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Enteroviruses are responsible for causing several recent well-publicized outbreaks in the United States, including gastrointestinal and upper respiratory infections. Enteroviruses are also capable of infecting the central nervous system, leading to manifestations of meningitis and encephalitis. Because enteroviruses are often overlooked as the etiology of CNS infections, we explore data from national surveillance, typical presentation and diagnostic information, as well as patterns of infection and transmission in an effort to remind practitioners to be mindful of this frequent cause of infection and its propensity to be spread from person to person.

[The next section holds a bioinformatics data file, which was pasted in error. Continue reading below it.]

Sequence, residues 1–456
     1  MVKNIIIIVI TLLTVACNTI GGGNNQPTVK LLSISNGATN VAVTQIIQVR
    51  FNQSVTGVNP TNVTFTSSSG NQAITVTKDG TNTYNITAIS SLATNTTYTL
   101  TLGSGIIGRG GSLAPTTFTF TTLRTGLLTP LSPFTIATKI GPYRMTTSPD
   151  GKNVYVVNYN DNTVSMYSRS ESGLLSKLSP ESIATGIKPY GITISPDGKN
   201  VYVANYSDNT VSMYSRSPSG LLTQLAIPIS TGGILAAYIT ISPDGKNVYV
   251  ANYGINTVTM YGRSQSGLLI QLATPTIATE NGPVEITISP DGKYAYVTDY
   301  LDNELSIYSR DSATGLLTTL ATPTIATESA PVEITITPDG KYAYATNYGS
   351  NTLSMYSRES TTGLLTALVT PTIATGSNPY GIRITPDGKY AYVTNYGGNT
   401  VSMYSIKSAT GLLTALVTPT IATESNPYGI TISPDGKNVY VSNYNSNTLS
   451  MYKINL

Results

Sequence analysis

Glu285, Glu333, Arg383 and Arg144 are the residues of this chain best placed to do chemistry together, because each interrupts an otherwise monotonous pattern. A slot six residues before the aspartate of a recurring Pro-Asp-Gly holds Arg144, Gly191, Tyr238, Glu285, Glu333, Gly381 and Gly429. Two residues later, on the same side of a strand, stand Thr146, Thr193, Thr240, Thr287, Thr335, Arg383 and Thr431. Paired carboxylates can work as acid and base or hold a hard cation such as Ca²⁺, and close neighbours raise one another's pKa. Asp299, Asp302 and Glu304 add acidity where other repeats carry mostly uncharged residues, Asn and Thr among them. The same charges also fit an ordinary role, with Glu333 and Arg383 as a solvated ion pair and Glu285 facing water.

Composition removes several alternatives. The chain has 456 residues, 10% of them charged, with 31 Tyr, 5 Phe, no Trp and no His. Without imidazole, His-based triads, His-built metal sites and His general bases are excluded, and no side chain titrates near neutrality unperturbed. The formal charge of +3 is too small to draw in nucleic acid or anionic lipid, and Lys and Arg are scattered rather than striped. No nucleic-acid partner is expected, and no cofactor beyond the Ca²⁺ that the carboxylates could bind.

Infective endocarditis is most often seen affecting the left side of the heart, with the pulmonary valve being the least frequently involved valve. The most common organisms responsible for infective endocarditis are Staphylococcus aureus and Streptococcus viridans. Here we report a rare case of pulmonary valve endocarditis due to Streptococcus pneumoniae, a rare pathogen for this setting. The clinical features, presentation, and review of the literature are discussed.